So as you know, I titled my blog, “The Shyness Project: The Year I Confront My Crippling Shyness.”
Notice two things:
One, I used the word confront. This was a carefully chosen word. It may sound passive compared to “overcome” or “conquer”, but really, shyness isn’t something so terrible that it needs to be entirely eliminated. Although it may feel like it at times, it’s not a weakness. Even though there seems to be a message out there in Western Culture that it’s not ok to be shy, I don’t believe that is entirely true. Shyness isn’t necessarily cowardice, and although you can say that a shy person fears negative judgement, you can also say that a shy person wants to do well.
Two, I added the adjective crippling to shyness. There were some parts of my shyness that were positive and healthy, while the excess, or crippling shyness was holding me back. That was the part of my shyness I wanted to focus on. Beyond that, I’ve realized that what I really had to face was the mistaken belief that I couldn’t do certain things I wanted to do in life. I felt limited by the shy label that I had allowed to define me. I thought that others saw me as shy, so I felt like they expected me to act a certain way. When I discovered that several people were surprised when I told them that I thought I came off as shy, I learned that I had felt confined because of what I thought others thought of me. When you stop labeling yourself and stop trying to mind-read, it is a big relief. You’re then free to just be yourself without feelings of burden.
I used to wish I was anything but shy, and I hated my shyness so much. But now that I’ve become more aware of all the good my shyness has brought me, I wouldn’t have been born any other way. I’m glad that I have gone through all these feelings of shyness because if I hadn’t, I probably wouldn’t understand them as well. I wouldn’t be able to truly empathize with those who are facing similar obstacles.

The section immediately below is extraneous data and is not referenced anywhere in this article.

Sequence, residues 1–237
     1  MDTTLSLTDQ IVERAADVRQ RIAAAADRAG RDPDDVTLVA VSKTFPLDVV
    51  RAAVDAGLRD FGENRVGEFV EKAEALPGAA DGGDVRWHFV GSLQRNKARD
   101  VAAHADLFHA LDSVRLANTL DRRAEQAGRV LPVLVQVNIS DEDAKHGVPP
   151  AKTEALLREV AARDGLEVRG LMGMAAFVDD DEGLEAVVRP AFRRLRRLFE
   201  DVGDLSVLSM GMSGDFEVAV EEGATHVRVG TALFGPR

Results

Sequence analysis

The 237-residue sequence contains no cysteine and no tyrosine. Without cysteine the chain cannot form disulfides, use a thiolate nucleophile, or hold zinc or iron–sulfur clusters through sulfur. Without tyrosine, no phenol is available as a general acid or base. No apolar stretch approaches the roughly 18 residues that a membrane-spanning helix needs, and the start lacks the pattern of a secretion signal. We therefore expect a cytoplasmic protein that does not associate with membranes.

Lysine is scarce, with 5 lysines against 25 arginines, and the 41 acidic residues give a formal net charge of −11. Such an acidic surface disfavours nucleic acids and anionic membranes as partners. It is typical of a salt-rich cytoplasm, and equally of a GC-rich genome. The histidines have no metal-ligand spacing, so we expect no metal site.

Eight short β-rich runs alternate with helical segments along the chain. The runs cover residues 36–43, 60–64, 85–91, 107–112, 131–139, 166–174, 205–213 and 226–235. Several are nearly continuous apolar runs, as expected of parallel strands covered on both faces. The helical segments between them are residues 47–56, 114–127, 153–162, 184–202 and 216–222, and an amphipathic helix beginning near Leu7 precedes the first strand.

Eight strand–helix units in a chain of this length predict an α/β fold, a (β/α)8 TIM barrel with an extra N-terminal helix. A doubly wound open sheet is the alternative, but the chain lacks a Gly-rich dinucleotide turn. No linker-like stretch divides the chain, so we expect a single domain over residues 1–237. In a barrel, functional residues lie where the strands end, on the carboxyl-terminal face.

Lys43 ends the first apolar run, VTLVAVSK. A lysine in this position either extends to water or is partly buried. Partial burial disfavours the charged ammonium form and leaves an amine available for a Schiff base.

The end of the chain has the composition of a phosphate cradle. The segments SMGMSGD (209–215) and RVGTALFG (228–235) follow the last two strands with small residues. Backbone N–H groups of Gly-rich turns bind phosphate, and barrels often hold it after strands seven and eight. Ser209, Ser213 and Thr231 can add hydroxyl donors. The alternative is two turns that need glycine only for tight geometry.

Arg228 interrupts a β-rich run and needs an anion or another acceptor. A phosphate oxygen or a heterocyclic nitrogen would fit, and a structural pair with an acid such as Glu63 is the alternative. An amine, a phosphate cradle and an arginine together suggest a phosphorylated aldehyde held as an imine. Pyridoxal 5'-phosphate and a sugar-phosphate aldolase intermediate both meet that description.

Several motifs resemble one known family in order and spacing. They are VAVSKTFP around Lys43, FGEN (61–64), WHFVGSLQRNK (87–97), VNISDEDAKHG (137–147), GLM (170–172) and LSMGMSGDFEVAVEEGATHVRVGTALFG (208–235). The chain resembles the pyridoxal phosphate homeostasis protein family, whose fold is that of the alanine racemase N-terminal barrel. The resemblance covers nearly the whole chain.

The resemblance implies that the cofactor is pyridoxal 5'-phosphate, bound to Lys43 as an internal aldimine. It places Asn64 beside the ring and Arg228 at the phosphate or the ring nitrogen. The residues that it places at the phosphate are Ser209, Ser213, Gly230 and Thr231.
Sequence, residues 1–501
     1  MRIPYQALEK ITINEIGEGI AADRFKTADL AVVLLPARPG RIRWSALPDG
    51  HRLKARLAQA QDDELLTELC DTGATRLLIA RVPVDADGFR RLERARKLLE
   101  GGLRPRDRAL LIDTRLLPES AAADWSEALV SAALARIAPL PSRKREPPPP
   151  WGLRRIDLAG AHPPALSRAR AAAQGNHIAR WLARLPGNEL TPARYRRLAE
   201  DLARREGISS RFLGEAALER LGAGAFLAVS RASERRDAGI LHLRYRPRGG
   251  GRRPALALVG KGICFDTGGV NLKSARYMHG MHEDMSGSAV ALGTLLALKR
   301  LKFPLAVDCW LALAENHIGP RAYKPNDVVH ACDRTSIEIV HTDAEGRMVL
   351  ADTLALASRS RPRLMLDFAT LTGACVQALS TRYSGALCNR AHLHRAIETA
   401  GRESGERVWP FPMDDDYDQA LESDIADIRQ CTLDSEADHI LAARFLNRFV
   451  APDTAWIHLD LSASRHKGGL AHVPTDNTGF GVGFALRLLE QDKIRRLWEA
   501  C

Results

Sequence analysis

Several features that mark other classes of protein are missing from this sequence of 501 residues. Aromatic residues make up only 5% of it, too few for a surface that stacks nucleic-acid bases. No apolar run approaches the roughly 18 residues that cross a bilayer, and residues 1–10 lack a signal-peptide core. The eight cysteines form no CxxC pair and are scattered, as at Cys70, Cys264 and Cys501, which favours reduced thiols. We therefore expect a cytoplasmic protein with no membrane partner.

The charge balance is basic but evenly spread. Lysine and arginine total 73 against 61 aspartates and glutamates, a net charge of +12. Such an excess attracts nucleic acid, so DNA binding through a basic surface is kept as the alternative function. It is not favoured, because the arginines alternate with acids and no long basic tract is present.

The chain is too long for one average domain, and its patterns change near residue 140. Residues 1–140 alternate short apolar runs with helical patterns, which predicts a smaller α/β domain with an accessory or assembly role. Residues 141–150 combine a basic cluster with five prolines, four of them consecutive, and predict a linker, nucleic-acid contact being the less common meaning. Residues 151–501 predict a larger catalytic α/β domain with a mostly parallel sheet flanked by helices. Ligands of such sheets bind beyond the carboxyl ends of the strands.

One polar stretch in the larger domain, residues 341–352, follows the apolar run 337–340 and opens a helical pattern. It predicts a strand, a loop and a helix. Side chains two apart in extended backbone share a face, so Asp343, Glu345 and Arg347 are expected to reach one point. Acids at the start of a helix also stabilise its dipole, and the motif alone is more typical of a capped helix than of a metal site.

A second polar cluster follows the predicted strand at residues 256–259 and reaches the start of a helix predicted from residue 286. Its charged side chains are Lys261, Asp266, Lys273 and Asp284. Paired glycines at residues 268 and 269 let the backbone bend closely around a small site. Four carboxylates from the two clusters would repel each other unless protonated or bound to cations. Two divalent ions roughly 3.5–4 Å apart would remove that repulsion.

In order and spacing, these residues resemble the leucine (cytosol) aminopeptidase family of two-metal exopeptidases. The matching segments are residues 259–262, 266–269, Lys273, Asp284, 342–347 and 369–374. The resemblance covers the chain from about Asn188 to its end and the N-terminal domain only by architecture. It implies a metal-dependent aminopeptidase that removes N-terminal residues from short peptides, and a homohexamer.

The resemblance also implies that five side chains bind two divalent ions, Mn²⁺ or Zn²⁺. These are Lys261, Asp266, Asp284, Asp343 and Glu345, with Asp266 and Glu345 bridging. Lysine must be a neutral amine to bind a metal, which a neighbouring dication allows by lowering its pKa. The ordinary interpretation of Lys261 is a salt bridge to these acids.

I hope to help change some of the negative messages that are sent out in our culture. Maybe the image of shyness as a timid shy girl or guy quavering in the corner will change into to the image of a brave girl or guy having the courage to look fear in the face daily and confront it. Maybe shyness will have less of a negative image then, and it won’t be seen as something to pity.
Shyness is often associated with many respectable and admirable qualities, such as thoughtfulness, sensitivity, kindness, and modesty. Often those of us who struggle to keep a conversation alive are the ones who listen the best.
The steps I am taking aren’t about overcoming every ounce of shyness in my body. They are about expanding my comfort zone, and challenging myself to do things that I believe I have the ability to do. This blog isn’t meant to support the idea that if you are shy, you have to “break out of your shell”. It’s a learning experience of what shyness is, what it feels like, and how you can push past those feelings when you feel as if they are holding you back. I’m not trying to become a person who never feels shy, I’m simply trying to change the choices I make so I can be open to more opportunities.
I have also come to learn that I am an introvert. I prefer one-on-one or small group conversations than larger group ones, and I prefer to talk about more meaningful subjects. I like to listen and I am a deep, insightful thinker. The thing I want most in life is to have strong, intimate relationships with people. Love is everything to me.
I see the value in introversion, and I hope more people can see it too. Shyness and introversion may be very different, but they both seem to not get much respect. I think it’s about time that they do.